By Mark Edwards 5/25/08
“So, how’d Hamilton go for ya?” I’ve been asked several times since last Sunday. In a word…rough. I expected it to be hard, the starting field was a veritable who’s who of the 45+ super climbers, but my recent good luck had boosted my confidence.
The Mt. Hamilton road race opens with 19 miles of climbing 4,200’. Survive this and you’ll be rewarded with 43 miles of rolling (another 2,000’ of climbing), desolate, windy terrain.
We began our ascent at what seemed a moderate pace. That was until I started watching the pavement roll past my tires. Actually we we’re flying. I felt okay, but that was 5 minutes into an 80 minute climb. Soon our starting field was down to 13 and my confidence was slipping. One of the riders would slip off the back, and then fight his way back on. It was impressive to watch. On his last time to catch the field he pulled in ahead of me, then allowed a gap to open. I needed to cross that gap, but with 5 miles left to the summit, I knew that if I made it, I’d pop very soon afterwards. So I let the group slide away. I’d thought I’d be working with the #13 rider, but he blew dramatically. So it was solo for me the rest of the climb.
Earlier 3 riders had attacked and stayed off the front until the top. At which point a very impressive rider, up from So. Cal., rode away from Kevin Susco and Rick Martyn to take the KOM. Jon Ornstil had attacked the chase group and split them apart. I was too far back to see the 3 leaders, but had a front row seat to watch Jon’s total destruction of the chasers. The last of the chase group went over the summit about a minute ahead of me.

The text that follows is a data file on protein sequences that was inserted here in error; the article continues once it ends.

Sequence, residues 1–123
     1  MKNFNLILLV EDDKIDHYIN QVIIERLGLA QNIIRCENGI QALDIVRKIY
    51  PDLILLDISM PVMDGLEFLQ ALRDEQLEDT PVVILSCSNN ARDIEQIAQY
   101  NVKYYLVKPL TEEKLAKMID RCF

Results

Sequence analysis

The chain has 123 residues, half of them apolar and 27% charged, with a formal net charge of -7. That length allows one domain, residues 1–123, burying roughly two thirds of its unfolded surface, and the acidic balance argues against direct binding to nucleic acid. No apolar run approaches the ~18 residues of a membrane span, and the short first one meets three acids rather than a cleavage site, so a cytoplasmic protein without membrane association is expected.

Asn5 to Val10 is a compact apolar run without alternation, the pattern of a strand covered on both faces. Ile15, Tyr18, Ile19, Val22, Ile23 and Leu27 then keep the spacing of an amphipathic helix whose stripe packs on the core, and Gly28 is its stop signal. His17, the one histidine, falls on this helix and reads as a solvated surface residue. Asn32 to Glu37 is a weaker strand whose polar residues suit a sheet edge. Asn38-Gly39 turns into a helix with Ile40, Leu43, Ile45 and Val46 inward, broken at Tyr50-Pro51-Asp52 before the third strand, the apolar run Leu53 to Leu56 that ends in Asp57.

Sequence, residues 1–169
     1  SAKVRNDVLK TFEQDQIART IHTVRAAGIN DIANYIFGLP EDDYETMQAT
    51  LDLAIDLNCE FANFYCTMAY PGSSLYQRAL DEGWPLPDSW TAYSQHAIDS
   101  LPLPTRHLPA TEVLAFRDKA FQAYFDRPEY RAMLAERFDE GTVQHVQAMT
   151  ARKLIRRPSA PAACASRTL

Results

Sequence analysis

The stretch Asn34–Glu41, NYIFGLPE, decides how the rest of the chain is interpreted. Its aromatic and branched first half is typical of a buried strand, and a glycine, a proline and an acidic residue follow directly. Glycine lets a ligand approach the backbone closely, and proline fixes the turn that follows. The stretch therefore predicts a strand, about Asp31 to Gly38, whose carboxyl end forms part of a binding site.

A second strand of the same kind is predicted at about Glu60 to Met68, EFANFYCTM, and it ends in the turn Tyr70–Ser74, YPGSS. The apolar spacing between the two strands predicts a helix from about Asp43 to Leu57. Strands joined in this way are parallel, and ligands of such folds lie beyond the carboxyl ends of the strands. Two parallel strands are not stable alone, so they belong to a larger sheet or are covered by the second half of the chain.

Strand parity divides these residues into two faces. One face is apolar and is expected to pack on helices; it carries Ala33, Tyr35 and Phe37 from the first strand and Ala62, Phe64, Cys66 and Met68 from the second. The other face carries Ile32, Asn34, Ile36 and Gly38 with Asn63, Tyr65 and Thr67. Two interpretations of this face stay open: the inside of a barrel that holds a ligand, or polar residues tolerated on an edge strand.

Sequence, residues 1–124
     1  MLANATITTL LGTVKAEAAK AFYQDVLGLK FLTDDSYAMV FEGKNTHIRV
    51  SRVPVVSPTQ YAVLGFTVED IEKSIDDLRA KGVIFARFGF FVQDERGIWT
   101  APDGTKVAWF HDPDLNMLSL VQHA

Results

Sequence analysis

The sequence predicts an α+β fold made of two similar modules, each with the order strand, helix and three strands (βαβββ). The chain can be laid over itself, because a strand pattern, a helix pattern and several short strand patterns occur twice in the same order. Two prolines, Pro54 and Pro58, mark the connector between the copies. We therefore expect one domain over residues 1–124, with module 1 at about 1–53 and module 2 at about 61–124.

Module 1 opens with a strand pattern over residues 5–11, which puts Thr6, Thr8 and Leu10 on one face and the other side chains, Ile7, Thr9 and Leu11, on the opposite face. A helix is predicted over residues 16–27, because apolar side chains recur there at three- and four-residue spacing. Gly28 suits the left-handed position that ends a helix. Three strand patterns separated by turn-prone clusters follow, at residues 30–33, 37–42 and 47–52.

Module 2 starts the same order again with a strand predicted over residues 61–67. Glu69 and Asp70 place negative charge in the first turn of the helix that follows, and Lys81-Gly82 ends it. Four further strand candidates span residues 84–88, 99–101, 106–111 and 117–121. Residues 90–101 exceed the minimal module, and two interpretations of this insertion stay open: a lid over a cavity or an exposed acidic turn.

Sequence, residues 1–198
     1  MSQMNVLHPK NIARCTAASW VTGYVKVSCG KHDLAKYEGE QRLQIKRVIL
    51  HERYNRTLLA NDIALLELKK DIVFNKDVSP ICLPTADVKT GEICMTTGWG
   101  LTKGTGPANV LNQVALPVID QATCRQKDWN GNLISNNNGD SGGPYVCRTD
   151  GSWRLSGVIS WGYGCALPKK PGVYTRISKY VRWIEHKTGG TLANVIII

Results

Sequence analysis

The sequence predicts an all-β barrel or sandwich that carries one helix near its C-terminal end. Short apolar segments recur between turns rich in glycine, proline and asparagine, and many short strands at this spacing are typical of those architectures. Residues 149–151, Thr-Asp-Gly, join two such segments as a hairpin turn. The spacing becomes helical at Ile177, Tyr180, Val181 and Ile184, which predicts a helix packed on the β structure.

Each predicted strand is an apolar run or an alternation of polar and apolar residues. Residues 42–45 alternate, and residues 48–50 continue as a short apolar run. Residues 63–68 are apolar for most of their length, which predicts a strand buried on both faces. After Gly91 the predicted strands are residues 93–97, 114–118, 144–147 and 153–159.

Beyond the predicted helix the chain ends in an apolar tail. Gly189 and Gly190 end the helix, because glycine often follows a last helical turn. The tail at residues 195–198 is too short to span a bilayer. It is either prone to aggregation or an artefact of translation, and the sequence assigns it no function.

The descent, while beautiful, was dangerous. I’d been forewarned, and shortly after going over the top came across emergency crews tending to a fallen rider. I slowed way down. I was already out of contention, so why risk it? About half way down Ted Thomas had somehow fought his way back. He’d been dropped fairly early, but he’s not one to give up, he screamed down the descent to catch me.
Ted and I worked for probably about 15 miles before we caught two riders. We attempted to get the four of us working together, but it wasn’t to be. After a very frustratingly slow half hour, I attacked on the second small climb. Two riders tried to chase me down, but I went over the top with 500 meters on them.
I wasn’t sure how much farther I had to go, but it turned out to be a long way. I’m guessing it was somewhere between 12 and 15 miles.
I knew going into this race I was too heavy to compete with the best climbers, at 8.5 lbs over my ideal climbing weight. But, that same weight would benefit me now on my solo time trial to the finish. I dropped into my most aero position, shifted into a big gear, and cranked it up to around 300 watts (no power meter, but I’m pretty familiar with this power output from repeats on Branciforte). Initially I just didn’t want my former 3 ride partners to catch me, but as I finally got into a grove, I was just enjoying flying along faster than I’d thought possible.
I was reeling in riders from other categories every few minutes, rocketing around them a good 5 to 10 mph faster than they were going. It seemed the farther I went, the faster I could go. It was a blast!
I rolled across the finish in 10th place, receiving a high five from Jon Ornstil. My former partners crossed the line nearly 10 minutes after me. All that work may not have improved my placing, but I finished feeling I’d left everything on the course. I would have rather been able to hang with the climbers, but my strong finish after a very tough race was a nice consolation.
Someone please remind me next year that 8.5 lbs is worth about 1:58 on that climb...